The dangers of war and strike are excluded in the “all risks” coverage, but they are usually included in the individual policies with additional clauses.

Trading companies and manufacturers of goods have their deliveries insured in a global transport insurance policy based on turnover. The scope of coverage is usually “all risks” according to the Institute Cargo Clauses or similar wordings.

The current situation in Ukraine is classified as war since Russia has occupied Ukrainian territory with a regular army.

Insurance in case of war and strike

Basically, the dangers of war and strike are excluded in the “all risks” coverage, but they are usually included in the individual policies with additional clauses. This extension of cover for these political risks follows the definitions from the insurance conditions of the English insurance market, like the general conditions.

The insured risks of “war” include for instance war, civil war, revolution, rebellion, insurrection, civil strife and confiscation resulting therefrom. The insured perils “strike” include damage to the transported goods caused by strikers, locked-out workers or persons taking part in industrial disturbances, riots or civil commotion, terrorists or persons acting with political motives. Material damage to the goods that occurs directly as a result of the above-mentioned risks is insured.

The additional clauses mentioned can be used to cover the risks of “war” in sea transport and international air freight (“airborne” and “seaborne”), but never in the case of land transport, due to the accumulation risk for the insurer.

The risks of strikes are insured by the relevant clause for carriage by any means of transport, including land.

Termination by insurer possible

However, insurers have a special right of termination in zthe policies for political risks. According to this, the insurer can terminate the contract with a notice period of 48 hours or 7 days depending on the applicable clause in the current contract. However, for deliveries that began prior to the effective date of termination, political risk coverage will remain in place for the entire shipment.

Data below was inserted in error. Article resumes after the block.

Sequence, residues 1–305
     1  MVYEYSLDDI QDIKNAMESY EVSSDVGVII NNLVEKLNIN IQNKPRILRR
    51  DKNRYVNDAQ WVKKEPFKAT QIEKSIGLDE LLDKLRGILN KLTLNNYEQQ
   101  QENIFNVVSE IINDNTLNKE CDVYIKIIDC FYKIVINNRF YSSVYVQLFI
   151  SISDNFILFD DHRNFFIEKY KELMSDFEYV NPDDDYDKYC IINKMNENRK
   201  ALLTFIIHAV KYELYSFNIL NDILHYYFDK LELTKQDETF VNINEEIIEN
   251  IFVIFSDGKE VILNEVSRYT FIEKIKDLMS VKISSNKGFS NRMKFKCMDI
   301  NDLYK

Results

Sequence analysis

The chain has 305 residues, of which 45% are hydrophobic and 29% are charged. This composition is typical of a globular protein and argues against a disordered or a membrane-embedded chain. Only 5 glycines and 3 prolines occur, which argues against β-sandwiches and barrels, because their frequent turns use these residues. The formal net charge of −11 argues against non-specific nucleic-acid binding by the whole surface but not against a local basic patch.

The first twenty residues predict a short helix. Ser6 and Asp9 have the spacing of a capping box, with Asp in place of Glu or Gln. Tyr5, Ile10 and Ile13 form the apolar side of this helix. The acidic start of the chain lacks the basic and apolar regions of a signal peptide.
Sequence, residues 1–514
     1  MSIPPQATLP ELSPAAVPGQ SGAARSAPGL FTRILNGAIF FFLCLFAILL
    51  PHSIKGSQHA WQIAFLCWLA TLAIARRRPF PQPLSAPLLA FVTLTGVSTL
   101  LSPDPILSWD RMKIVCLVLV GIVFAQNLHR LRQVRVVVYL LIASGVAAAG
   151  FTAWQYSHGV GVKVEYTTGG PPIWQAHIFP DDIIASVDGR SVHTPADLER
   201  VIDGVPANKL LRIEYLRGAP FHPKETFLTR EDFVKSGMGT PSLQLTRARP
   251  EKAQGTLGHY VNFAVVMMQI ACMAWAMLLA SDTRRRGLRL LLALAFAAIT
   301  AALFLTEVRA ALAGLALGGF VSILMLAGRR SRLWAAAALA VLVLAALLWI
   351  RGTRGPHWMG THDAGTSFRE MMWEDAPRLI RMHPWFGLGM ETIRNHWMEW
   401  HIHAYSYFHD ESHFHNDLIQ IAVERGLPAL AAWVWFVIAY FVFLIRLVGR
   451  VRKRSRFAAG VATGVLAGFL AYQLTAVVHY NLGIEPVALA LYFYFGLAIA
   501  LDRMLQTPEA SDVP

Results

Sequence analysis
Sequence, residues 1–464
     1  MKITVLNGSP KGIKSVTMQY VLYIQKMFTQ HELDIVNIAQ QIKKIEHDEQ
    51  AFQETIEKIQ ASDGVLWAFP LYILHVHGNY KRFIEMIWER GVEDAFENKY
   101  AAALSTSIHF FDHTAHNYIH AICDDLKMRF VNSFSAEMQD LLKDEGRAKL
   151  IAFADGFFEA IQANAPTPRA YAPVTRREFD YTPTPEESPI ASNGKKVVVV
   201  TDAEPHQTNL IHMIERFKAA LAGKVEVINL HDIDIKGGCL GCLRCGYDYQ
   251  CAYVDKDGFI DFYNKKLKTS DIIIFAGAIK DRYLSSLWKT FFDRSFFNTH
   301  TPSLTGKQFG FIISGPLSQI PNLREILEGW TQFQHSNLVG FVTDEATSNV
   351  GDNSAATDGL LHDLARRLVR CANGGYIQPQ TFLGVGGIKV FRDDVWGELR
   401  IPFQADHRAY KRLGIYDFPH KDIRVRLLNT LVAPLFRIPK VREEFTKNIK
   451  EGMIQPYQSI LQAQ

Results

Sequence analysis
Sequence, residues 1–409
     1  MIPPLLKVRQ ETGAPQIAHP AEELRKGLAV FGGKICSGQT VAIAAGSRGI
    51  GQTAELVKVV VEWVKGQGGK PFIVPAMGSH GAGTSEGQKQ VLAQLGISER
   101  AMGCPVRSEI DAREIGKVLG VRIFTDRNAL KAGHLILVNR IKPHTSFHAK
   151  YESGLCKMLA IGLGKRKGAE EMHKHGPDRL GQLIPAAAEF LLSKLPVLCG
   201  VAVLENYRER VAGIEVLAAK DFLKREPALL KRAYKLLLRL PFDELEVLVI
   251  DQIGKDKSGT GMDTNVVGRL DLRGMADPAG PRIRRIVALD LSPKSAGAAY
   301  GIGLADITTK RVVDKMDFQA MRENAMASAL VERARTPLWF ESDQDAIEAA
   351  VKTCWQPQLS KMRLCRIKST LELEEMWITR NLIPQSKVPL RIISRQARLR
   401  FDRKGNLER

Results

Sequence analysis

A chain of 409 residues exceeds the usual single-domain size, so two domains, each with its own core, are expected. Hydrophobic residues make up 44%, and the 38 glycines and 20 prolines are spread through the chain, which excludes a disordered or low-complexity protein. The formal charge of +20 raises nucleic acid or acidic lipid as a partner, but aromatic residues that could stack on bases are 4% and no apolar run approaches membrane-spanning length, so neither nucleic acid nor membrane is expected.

To date, cancellations of political risks have been declared as follows:

  • Transportation within Ukraine, Russia, Belarus as well as land and sea areas bordering Ukraine within a range of 200 km from the land/sea border with Ukraine or;
  • For all transports worldwide, but, after the notice period, with the re-inclusion of worldwide transports, excluding, however, the Ukraine region and the area less than 200 km from the country border with Ukraine and the whole of Russia.

Due to the current situation, insurers are canceling the additional clauses for war and strike both for international contracts and for policies existing in Ukraine and Russia itself.

If the insurer terminates the risks of war and strike, GrECo will, if required, negotiate with the insurer of the policy or try to find a solution for the re-inclusion of maritime and airborne transport (e.g. for sea journeys in the Black Sea and the Sea of Azov) on the international insurance market. Depending on the war situation in the respective transport relation, coverage will be possible, as things stand at present, with additional premiums determined by reinsurers.

If the political risks are terminated, does the coverage from the insurance contract remain in effect for the remaining insured risks?

Yes. If the goods are damaged e.g. in a normal traffic accident of the means of transport, there is cover. However, the policyholder must provide the insurer with proof that the damage was caused by the accident and not by a war event.

In the current situation, are rail transports from Asia to Europe – via the Silk Road – still insured?

Yes, they are insured; but without cover for “war risk on land”; if the insurer terminates the risk of strike, the protection for these losses also ceases.

We recommend that the policyholder immediately informs GrECo if his forwarding agent reports an out-of-hours stopover during transport. We bring this to the attention of the insurer and thus fulfill the contractual obligation.

Damage or additional costs that occur due to delays in the journey as consequence of war events (e.g. the truck is not allowed to cross the border and therefore cannot continue the journey) are not insured.

The sanction clauses of the insurers for deliveries apply unchanged, according to which there is no cover in the event of a violation of sanctions and embargoes; due to the tightening or expansion of sanctions (EU, USA, UK) as consequence of the Ukraine war, this circumstance must be given special consideration.

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Herbert Mayerhofer

Competence Center Manager Transport

T +43 5 04 04 – 276